By Jack Rivlin
There was an awkward silence on Newsnight on Tuesday. An unemployed graduate was complaining about his bad job prospects when Jeremy Paxman interjected: “Maybe you should choose a degree that gets you a job.”
Well hang on a minute, Paxo. Is the only point of going to University to get a job? I ruddy well hope not.
For many people, education is simply a route to earning money. But I believe education can be an end in itself. If you want to be that square who says they chose their degree for its “really good job prospects” then go ahead, but studying a subject because it interests you should be enough of a reason to go to University.
University is also valuable precisely because it gives you an adult life outside of the rat race. Young people have precious little time to cultivate interests and a personality before they’re told to ‘brand’ themselves and ‘develop a persona.’ They need a window of real self-development.
Our American and European cousins have already gone down this road. There, you routinely find people who studied things like Business Strategy and Management. Well that makes for some cracking dinner party fodder. “What shall we talk about first: Quantitative Methods or Finance and Accounting?”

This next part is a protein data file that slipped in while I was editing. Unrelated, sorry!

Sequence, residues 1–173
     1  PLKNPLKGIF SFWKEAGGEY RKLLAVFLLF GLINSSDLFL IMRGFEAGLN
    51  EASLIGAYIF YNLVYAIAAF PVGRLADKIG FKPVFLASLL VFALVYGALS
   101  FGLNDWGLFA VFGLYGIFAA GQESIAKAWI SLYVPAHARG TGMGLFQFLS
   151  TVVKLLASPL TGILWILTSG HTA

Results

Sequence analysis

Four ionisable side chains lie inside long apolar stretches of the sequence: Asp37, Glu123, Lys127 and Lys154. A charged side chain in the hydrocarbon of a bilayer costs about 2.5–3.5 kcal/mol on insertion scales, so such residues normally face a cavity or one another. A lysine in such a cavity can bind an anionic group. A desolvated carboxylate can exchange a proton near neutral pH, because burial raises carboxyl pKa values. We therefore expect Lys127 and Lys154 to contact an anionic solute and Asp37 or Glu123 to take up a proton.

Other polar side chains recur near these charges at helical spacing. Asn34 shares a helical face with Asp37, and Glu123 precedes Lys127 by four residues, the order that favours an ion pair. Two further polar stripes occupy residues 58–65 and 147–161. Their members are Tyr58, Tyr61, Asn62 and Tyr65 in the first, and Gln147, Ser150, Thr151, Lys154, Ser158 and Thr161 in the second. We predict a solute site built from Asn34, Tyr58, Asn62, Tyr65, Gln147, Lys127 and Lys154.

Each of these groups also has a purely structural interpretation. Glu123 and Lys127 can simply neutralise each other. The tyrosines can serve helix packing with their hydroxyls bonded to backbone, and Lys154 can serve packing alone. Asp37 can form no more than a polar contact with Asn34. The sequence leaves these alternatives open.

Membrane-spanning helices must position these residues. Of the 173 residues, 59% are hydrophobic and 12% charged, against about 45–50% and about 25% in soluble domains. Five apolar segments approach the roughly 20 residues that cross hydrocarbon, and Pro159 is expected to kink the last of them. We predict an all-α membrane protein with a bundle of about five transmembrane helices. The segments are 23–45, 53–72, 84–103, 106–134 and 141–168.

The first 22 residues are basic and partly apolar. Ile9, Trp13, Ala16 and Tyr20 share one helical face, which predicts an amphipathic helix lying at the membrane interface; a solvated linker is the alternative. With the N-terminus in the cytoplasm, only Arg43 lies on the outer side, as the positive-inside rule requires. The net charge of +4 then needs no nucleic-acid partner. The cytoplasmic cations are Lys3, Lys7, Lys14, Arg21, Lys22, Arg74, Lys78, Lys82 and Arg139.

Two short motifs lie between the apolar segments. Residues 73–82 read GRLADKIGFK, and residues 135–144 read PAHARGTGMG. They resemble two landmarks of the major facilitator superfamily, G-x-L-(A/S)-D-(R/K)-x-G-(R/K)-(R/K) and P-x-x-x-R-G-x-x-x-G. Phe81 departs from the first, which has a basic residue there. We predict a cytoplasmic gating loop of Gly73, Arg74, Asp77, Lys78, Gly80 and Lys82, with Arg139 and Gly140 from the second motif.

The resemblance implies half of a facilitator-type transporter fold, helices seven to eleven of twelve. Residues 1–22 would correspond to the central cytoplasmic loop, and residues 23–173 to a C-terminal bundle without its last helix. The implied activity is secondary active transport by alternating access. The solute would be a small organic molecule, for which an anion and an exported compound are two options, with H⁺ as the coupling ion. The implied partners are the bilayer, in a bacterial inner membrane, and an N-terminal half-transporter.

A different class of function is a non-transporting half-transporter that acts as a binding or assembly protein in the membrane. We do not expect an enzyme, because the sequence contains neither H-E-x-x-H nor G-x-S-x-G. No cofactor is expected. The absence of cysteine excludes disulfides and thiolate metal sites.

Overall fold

Do we want to turn our Universities into employee factories, churning out an army of Tyler and Cameron Winklevoss clones, shinier and better at networking than the iPhone 4S, but lacking any real personality?
I’m sure Paxman, a literature graduate, was just being Devil’s Advocate (is he ever anything else?). But his lazy remark is the watchword for a growing movement of utilitarians who see the CV first and the person second.
If we don’t rescue education from this economic imperative, we’ll be a nation of – to borrow a phrase from The Thick of It – “brushed-aluminium cyber-pricks.”